Sixty one-percent of Americans support marijuana legalization, and five states will vote on it in 2016. It is easy to feel as though the takeover of cannabis is inevitable, but what will legalization look like when it is all said and done? Let’s take a look at what 2015 can teach us about the crucial questions we should be examining heading into the election season. Namely, is the “anything over prohibition” strategy outdated?
The 2015 ResponsibleOhio constitutional ballot campaign hoped Ohioans would jump at the chance to be the first state to move from prohibition to a full legal market; however, a significant portion of voters questioned the details of the amendment. Had it been successful, the exclusive right to both medical and adult use cannabis cultivation for a state of 11.6 million would lie with the owners of 10 recently purchased farms – owners who happen to have bankrolled the campaign.
Ohio voters were uniquely primed to question such a scheme due to the fact that this same group and affiliates had similarly poured $50 million into legalizing gambling in Ohio years earlier, securing themselves ownership over the only legal casinos. Had this trend of corrupting Ohio’s constitution for profit continued, how much influence could this group buy in the Ohio legislature with their profits? Might they lobby for lax regulations around advertising, which could damage prospects of later legalizing other, less popular drugs?
Individuals and organizations understandably had a difficult time determining how to weigh the positives and negatives. The ACLU of Ohio ultimately backed ResponsibleOhio, claiming it would be Ohio’s only chance at improving cannabis law for the next 10-20 years. Fast-forward to the summer of 2016 and Ohio’s legislature has passed a limited medical cannabis program. This anecdote demonstrates why we must question whether “anything over prohibition” arguments hold water as the drug policy reform wave begins to crash.
These experiences demonstrate the seriousness with which we must consider refocusing on legalization (or at least decriminalization) for ALL – not solely adults, not solely for those who can afford inflated prices and regressive excise taxes, not solely for those with a war chest big enough to apply for ownership, and not solely for those with the lack of rap sheet required to secure a position within the legal industry.
We think nuanced policy discussion will drive people away, and thus, we water down our policies and dumb down our messages to make them compatible with the media’s stereotype of the American voter. We place our policies on the safe side of polling rather than doing the harder work of crafting quality policy with community input and building support around it. In recent Ohio campaigns, the grassroots community strategies often seem to come secondary, if at all, to strategies focused on funding. I watched as a state with over majority favoring full cannabis access only came out 36% in support due to crony policy and campaigning that failed to engage the grassroots. Nuanced policy discussion was started by unfunded grassroots opposition and spread through communities – something that seems to rarely happen in campaigns which emphasize sound bites and catchy slogans.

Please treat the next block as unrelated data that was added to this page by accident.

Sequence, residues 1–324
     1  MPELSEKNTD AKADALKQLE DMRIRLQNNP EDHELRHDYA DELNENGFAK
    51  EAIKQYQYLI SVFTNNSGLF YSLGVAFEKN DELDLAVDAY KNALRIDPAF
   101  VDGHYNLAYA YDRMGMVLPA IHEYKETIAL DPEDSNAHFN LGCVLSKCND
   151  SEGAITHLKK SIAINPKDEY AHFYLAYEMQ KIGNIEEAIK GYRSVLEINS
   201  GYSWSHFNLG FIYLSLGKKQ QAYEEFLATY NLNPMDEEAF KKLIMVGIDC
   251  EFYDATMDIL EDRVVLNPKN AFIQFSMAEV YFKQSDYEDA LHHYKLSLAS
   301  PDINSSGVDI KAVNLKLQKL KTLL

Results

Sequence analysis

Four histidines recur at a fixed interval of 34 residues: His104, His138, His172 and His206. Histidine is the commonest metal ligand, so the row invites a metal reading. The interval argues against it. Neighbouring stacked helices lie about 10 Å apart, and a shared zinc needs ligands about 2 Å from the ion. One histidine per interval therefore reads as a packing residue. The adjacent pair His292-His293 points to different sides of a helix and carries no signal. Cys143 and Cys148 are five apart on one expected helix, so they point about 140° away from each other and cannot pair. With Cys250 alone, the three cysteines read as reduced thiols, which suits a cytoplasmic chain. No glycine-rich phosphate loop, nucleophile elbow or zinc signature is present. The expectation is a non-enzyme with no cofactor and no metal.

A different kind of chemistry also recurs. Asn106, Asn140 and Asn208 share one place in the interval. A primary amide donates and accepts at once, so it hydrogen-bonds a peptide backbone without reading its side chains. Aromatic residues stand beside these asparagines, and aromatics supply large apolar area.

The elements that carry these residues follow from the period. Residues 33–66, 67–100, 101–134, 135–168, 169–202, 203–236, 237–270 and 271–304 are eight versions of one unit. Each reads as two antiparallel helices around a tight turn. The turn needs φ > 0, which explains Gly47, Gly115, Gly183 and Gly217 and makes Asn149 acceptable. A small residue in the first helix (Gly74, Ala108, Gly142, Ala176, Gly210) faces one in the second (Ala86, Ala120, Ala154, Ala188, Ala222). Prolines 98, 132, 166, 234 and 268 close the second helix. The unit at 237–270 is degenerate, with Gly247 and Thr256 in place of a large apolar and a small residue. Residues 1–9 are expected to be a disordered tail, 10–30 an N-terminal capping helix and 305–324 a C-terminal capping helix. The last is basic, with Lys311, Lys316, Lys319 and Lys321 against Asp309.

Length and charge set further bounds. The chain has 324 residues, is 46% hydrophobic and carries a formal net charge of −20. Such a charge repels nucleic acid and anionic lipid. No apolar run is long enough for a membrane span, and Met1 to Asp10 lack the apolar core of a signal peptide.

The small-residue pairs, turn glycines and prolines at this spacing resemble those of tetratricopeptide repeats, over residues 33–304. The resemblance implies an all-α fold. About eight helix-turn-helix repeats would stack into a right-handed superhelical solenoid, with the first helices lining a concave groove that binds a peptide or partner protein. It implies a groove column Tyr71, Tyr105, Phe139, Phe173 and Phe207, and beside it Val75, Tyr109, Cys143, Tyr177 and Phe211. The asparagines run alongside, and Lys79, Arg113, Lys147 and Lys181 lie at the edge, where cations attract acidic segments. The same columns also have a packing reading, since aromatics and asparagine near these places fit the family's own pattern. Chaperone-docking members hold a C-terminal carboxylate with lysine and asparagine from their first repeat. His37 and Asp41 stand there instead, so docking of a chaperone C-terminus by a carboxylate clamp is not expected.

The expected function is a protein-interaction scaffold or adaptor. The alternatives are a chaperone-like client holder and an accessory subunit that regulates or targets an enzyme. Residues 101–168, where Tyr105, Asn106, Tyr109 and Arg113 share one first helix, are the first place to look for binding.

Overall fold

Do we really want to “regulate marijuana like alcohol”? I get the political reasons for a campaign name such as this, but I don’t know that we critically consider its implications. Are we selling ourselves short by failing to consider that perhaps we should instead be holding our ground in regulating cannabis with evidence-based harm reduction principles, setting an example which could eventually lead us to regulate alcohol more like cannabis?
When we cede good policy to political expediency, there are collateral consequences. Policy change is not linear, and it is not always easy to alter policies, laws, and constitutional amendments. It is even more difficult to do so after a profitable industry and lobbying forces have been built around the object of regulation. Once the industry is established, they will dictate more policy, because moneyed players do that in an oligarchic society.